Aggression around the mediation table can be counter-productive and damage your client’s chances of success, a leading QC has warned.

Bill Wood, vice-chair of the Civil Mediation Council, said he had experienced cases where the two lawyers involved were more angry than the clients. Wood told an event organised by mediation firm JAMS International at magic circle firm Linklaters that some litigators still seek to obstruct mediation.

‘It is the clients’ dispute,’ he said. ‘[Lawyers] are entitled to be cross but advocates should not lose it – excessive aggression can harm your clients’ interests.

‘I bridle when I take an offer into a room and the lawyer says "no I won’t accept that" without asking anybody.’

Wood, a Brick Court barrister and JAMS panel member, said he had seen lawyers tear up offers in front of their counterparts, and in one case flourish their entry in Legal 500 noting their ‘belligerent character’.

Katie Bradford, partner and head of property litigation at Linklaters, denied that litigators were obstructing mediators but said some clients demanded their lawyer act unreasonably.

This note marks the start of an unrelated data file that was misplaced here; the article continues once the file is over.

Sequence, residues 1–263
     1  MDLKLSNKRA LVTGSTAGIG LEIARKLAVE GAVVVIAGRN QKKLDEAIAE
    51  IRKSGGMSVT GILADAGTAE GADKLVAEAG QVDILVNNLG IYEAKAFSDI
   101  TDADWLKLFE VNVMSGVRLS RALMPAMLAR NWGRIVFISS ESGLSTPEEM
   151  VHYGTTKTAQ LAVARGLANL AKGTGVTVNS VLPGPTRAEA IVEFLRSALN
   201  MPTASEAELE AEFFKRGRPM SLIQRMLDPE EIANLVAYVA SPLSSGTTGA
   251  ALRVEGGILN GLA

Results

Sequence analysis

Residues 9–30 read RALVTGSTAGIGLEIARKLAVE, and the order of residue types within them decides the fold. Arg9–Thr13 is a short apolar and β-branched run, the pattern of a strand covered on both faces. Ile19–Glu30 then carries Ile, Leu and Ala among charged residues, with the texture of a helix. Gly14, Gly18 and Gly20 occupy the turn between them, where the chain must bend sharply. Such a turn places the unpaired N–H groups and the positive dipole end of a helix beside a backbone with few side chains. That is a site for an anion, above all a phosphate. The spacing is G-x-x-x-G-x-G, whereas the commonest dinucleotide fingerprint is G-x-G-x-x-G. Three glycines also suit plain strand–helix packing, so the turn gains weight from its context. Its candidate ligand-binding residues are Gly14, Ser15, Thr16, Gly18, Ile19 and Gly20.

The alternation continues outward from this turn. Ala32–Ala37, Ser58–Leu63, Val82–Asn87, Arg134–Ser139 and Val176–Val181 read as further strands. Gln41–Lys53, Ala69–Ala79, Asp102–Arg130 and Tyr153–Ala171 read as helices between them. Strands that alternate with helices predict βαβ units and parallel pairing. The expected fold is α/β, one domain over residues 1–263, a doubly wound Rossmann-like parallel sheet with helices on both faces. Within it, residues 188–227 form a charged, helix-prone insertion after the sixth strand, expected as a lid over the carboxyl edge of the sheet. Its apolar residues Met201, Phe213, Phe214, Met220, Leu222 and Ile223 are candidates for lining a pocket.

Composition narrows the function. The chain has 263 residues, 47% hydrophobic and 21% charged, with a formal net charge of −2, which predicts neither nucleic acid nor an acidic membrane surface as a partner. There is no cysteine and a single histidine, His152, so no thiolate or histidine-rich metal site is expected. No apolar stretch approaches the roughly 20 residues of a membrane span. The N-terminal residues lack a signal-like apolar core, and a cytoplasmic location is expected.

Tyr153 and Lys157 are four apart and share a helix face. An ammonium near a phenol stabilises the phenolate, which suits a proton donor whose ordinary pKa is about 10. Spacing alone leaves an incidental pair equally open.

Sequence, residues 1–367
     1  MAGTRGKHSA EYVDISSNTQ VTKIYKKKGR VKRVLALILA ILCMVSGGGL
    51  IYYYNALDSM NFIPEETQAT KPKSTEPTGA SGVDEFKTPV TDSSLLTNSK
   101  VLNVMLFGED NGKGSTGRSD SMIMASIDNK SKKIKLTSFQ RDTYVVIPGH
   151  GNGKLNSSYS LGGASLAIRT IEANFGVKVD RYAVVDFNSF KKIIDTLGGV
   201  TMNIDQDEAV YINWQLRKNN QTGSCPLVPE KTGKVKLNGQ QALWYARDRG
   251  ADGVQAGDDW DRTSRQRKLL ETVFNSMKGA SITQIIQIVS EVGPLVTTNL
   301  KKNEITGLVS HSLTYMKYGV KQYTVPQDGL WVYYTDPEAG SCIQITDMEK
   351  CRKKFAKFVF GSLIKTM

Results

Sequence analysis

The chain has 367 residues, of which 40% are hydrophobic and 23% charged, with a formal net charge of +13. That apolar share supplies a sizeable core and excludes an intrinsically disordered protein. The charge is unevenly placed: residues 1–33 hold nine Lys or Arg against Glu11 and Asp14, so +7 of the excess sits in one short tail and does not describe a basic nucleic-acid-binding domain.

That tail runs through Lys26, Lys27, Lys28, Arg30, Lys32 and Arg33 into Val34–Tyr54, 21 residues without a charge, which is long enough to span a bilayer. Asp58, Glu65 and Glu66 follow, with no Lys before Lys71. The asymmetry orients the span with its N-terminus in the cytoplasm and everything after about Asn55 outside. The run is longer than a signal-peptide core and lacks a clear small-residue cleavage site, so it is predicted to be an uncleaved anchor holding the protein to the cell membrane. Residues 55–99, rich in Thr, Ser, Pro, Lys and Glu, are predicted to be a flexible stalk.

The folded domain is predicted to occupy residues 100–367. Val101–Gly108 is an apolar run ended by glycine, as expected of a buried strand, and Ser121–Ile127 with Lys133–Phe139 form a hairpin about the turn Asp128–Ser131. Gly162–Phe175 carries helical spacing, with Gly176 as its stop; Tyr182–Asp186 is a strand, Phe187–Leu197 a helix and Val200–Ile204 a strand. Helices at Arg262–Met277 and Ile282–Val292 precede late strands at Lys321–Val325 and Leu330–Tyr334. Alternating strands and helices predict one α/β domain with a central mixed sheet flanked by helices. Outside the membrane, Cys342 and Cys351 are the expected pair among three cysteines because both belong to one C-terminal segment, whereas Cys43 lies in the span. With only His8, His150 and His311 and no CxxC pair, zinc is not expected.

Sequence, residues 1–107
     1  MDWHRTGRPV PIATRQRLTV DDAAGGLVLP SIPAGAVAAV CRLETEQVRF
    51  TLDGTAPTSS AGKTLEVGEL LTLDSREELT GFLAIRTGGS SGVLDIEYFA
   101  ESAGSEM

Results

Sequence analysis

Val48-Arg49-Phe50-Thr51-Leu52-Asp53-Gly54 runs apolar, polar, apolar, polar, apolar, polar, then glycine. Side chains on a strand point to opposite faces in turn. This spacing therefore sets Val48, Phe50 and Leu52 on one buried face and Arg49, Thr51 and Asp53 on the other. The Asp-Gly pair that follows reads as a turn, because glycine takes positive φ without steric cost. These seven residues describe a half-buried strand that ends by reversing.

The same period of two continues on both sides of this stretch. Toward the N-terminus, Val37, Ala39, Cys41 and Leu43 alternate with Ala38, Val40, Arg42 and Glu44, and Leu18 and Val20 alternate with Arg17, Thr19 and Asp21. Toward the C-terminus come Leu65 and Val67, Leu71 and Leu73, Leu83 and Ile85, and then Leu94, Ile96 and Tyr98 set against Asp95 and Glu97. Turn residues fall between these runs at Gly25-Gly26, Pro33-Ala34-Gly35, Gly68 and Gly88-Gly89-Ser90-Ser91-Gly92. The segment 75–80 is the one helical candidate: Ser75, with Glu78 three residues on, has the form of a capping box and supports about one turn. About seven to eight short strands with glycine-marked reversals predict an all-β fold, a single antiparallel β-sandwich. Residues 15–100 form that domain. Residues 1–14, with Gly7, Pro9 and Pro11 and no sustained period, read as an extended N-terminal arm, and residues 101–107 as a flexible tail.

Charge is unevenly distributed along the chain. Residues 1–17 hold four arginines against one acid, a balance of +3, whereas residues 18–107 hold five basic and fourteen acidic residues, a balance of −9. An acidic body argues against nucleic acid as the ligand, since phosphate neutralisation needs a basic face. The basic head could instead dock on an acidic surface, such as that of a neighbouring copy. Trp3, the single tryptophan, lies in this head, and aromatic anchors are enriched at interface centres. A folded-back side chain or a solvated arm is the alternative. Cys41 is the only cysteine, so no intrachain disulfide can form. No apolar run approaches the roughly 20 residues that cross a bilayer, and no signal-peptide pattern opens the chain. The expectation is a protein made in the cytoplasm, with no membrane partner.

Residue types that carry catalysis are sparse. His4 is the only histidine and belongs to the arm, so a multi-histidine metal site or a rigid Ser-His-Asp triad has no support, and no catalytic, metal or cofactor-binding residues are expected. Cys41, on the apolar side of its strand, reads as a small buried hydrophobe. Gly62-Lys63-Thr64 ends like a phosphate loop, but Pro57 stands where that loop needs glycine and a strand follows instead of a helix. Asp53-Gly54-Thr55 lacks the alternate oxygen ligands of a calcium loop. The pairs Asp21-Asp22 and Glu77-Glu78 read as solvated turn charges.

‘I’ve heard the criticism that lawyers are acting as gatekeepers, but I truly believe most commercial litigators are explaining the options and sometimes clients are not taking them,’ she said.

‘Quite often they want their lawyer to go in there and bite the head off the other side. That’s the client’s prerogative. It may appear aggressive, and the other side and mediator might not like it.’

Craig Pollack, head of litigation at international firm SJ Berwin, said there was unease among lawyers at handing over a complex case to a mediator who has only ‘two or three days’’ preparation.

Wood said parties were unwilling to fund mediators for more than seven or eight hours, no matter how complicated the case.